• If feelings of sadness persist or interfere with your daily functioning, seek out on-campus student support services.

Helping a Homesick College Student

Parents are the first point of contact for a student who is struggling. Use these 6 tips to support your college freshman when they are homesick.

  1. Promote independence. Homesickness may in part be fueled by a student becoming overwhelmed by their newfound independence. What might start out as a welcome time to spread their wings, may after a few weeks feel more like a lot of responsibility. Recognize this struggle by helping them find a solution instead of stepping in with the intent to “fix.” Help your student recognize they do have the capability of taking care of themselves by guiding with empathy. 
  2. Let them vent and rant. Allow your student to unload their emotional baggage in the safest way possible; on you. It may be gut-wrenching to hear your child struggle while there is distance between you but listening serves an important role. A large part of processing emotions is getting them out there instead of feeling like they need to be swept under the rug. Listening to their pain with a sympathetic ear is very reassuring. 
  3. Remind them homesickness passes. Commonly, students have already successfully navigated a period of time away from home, or some other time of strife. Remind them of the positive coping tools that they used to get through a difficult time in the past. Don’t be surprised if homesick feelings recur throughout the year. Challenging times often bring a longing for home no matter when they occur.  
  4. Remind them of their roots. There’s lots of “new” on campus, but that doesn’t mean your child should abandon their “old” selves. Remind them that they loved to run or relieved stress through music, dance, or exercise. Encourage them to return to those familiar interests. If there were especially important people in their lives, encourage them to reengage contact with them. Having a meaningful conversation with an old friend, aunt, uncle or mentor reconnects a relationship much more meaningfully than a quick check-in on social media.
  5. Encourage involvement. Parents can stay in the know regarding campus activities by joining parent groups on social media and reading materials sent by the student affairs office. Use what you know about what’s going on near campus to encourage your student to attend special events. Encourage them to join in anything that is even remotely interesting. Connecting with others is never easier than the beginning of freshman year when everyone is looking to expand their social circle. 
  6. Provide additional help. If your student’s homesickness does not seem to be lifting and their emotional struggle begins to interfere with daily activities, encourage them to reach out to their resident advisor or campus mental health services.

Legal Preparations

Legal Documents Every College Student Needs

On the practical side, there are some legal documents that families find to be of great comfort when a young adult leaves home. In the eyes of the law, an 18 year old student is granted all of the rights, privileges, and legal responsibilities of an adult. Having a few simple legal documents in place will allow a parent to intervene on a student’s behalf in case of injury, illness, or other incapacitation while away at school. Although precipitated by what may be an unsettling conversation, preparing these documents in advance could make the possibility of stressful situations in the future much easier.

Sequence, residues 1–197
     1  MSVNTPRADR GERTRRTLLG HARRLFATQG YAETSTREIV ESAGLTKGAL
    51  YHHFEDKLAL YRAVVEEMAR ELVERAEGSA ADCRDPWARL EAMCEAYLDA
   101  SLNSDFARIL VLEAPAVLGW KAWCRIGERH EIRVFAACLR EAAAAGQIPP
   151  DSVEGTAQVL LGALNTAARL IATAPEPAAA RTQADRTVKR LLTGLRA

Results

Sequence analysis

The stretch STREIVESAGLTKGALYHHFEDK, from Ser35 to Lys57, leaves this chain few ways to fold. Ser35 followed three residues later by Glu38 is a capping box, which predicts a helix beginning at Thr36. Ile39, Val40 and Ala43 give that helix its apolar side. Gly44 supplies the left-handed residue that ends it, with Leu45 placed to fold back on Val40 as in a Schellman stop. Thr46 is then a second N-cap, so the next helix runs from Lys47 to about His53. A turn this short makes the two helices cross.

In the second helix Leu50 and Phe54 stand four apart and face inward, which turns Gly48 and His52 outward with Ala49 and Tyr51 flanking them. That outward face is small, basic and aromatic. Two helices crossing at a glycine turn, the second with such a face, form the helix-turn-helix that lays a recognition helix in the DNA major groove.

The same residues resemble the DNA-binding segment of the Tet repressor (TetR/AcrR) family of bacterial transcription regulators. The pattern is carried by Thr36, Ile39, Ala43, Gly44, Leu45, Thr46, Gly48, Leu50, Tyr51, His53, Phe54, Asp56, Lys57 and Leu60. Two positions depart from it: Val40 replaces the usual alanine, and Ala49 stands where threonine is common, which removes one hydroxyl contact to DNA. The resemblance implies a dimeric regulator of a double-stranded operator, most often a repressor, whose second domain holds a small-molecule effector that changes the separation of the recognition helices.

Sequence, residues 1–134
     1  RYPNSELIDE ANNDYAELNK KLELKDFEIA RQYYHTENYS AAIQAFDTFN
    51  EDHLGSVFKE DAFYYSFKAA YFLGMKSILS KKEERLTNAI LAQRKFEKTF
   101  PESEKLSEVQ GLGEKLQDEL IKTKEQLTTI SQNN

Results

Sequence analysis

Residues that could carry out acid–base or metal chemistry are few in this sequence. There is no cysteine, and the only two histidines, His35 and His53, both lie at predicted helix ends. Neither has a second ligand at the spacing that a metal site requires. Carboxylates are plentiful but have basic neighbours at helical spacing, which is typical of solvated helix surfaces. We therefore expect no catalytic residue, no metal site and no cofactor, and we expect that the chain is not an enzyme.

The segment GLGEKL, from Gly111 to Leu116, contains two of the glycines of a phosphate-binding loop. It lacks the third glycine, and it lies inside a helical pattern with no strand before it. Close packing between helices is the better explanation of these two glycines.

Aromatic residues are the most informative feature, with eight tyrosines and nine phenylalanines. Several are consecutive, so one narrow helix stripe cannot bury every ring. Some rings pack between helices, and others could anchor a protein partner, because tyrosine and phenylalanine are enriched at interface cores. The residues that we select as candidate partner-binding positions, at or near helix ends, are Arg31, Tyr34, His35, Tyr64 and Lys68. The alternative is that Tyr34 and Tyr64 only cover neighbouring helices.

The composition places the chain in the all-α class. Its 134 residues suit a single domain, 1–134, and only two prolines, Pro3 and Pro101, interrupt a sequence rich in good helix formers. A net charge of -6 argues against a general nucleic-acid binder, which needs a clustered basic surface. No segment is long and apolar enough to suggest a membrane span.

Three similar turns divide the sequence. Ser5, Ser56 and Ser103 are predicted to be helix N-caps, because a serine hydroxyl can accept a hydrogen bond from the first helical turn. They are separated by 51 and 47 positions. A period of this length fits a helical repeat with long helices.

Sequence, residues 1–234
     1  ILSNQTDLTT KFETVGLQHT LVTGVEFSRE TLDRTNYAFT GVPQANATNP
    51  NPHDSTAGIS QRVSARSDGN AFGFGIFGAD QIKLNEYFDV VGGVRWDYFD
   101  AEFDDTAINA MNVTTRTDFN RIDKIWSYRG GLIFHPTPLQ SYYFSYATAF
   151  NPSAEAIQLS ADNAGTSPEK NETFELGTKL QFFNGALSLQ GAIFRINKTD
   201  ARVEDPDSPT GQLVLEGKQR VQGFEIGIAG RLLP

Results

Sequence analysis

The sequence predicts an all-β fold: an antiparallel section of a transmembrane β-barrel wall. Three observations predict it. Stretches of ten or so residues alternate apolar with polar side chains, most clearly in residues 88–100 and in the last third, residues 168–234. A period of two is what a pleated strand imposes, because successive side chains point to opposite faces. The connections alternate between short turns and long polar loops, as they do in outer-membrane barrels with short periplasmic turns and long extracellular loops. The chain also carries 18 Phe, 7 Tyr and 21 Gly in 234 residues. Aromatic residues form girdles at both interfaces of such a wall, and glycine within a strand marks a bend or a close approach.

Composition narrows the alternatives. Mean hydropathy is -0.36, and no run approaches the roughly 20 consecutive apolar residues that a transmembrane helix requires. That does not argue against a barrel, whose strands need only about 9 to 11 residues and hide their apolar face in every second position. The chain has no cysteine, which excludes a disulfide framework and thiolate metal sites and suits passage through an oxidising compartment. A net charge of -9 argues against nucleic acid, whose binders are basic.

FERPA: Once a student turns 18, rights to access academic records transfer to the student. The Family Educational Rights and Privacy Act protects student privacy, but may lock parents out of vital information. Most colleges have a waiver in place for students to decide who is able to access their academic and financial records. You may also draft a release to obtain educational or other privileged information. However, FERPA legislation makes it clear that the decision to release information is entirely up to the student. As a family you should decide how involved parents will be in accessing student records.

HIPAA: A signed HIPAA agreement gives medical professionals permission to share information about their patient. Having a signed HIPAA agreement in place indicating the parent as an authorized party allows parents to access a student’s health information if ill, injured, unconscious, or incapacitated while away at school. Note that this includes communication with the college health clinic. Regardless of who pays the bill, a parent’s access to student health information is restricted by federal law.

Medical POA: A medical power of attorney document allows the designated agent to make health care decisions when a person is incapable of doing it themselves. Parents with a valid Medical POA are able to view medical records and make informed medical decisions on behalf of the student.

Durable POA: A durable power of attorney document allows the designated agent to make financial decisions and manage financial and legal affairs such as bank accounts, tax returns, and lease agreements on behalf of a student. The document should include details as to what rights the agent (parent) will have, the circumstances under which the document acts, and for how long.

Keep signed original documents in a secure location, as well as a digital copy of each file. Additionally, make sure documents are valid in the state in which your student will school/reside.